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In a rare intraparty challenge, a coalition of labor and progressive organizations spent heavily to unseat Mullet, one of a handful of remaining Senate moderates. That big-dollar effort fell just barely short — Mullet prevailed by fewer than 60 votes after a recount.

He and another Democratic senator have called it a shot across the bow for those who don’t fall in line.

“It makes people very scared to come out against their policies,” said Mullet.

Union leaders and labor advocates push back on the notion that they have outsized power. They point out that many union members are women and people of color, who haven’t traditionally enjoyed significant clout in Olympia.

In a statement, Larry Brown, president of the Washington State Labor Council, attributed the unions’ power to putting “boots on the ground” during election season and as advocates at the Capitol.

And, “To be clear, most of the pro-worker policies we support benefit all workers, not just union members,” Brown added.

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A string of victories

In 2018, Democratic lawmakers walked into the Capitol building fresh off a special election victory that gave them a new, one-vote Senate majority.

By the end of that 60-day legislative session, the Labor Council published a glowing legislative wrap-up headlined: “Proof that every vote counts.”

It touted new laws previously bottled up under divided government: legislation intended to provide equal pay for women, advance voting rights, and address prevailing wages and bargaining rights.

Another law that passed restructured how the state will soon contract with roughly 46,000 home health-care workers.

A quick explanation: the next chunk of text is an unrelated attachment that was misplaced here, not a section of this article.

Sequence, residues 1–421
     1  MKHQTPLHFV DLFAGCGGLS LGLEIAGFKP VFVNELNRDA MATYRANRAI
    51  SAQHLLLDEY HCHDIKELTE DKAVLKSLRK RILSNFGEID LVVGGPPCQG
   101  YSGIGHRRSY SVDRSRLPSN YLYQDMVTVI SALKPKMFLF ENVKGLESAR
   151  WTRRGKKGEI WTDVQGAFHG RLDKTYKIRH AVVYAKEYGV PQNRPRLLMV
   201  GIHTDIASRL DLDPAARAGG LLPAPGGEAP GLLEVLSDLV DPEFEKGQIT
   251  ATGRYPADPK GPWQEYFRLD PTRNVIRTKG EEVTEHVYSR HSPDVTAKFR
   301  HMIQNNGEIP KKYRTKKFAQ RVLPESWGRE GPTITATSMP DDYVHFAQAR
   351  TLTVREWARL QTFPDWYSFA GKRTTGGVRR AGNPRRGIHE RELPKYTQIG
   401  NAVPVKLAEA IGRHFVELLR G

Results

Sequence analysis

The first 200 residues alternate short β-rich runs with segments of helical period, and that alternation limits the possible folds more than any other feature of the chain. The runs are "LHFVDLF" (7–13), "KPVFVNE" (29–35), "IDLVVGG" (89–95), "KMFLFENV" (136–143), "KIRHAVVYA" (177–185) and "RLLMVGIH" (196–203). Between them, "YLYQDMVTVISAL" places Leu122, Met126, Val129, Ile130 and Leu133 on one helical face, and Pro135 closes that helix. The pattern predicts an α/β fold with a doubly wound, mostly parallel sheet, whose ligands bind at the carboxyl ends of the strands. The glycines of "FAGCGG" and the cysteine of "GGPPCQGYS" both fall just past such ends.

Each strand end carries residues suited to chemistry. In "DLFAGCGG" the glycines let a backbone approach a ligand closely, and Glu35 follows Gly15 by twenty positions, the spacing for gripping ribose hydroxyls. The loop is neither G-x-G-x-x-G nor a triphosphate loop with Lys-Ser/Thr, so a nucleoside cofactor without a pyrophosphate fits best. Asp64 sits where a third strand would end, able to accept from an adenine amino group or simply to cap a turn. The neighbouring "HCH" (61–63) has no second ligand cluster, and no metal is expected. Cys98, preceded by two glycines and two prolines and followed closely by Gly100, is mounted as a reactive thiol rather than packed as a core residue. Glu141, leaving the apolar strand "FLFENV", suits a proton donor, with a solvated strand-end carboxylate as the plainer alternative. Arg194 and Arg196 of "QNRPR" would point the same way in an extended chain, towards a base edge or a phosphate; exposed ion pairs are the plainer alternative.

The proposal — which drew outcry from nearly all Republicans — shifted what had been individual contracts with each worker to a private company.

Negotiations between that new company and SEIU 775 could ultimately remove a provision allowing workers to opt-out of paying union dues. That opt-out is a legacy of the U.S. Supreme Court’s 2014 ruling in Harris v. Quinn.

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No decision has been made whether to negotiate to remove the opt-out provision, said Adam Glickman, secretary-treasurer of SEIU 775.

But, “It is almost always the case in Washington state that employees at a private company where you’re represented by a union, have to pay either dues or a fee to that union,” he said.

Democrats also tweaked the law on school salaries, paving the way for teachers to return to the bargaining table with local districts. That, along with a final chunk of funding for a court-ordered K-12 funding plan, led local teacher unions across Washington to score double-digit pay increases.

Workplace protections have been strengthened too, including a 2019 bill sponsored by Rep. Marcus Riccelli, D-Spokane, to mandate meal and rest breaks for some health-care workers.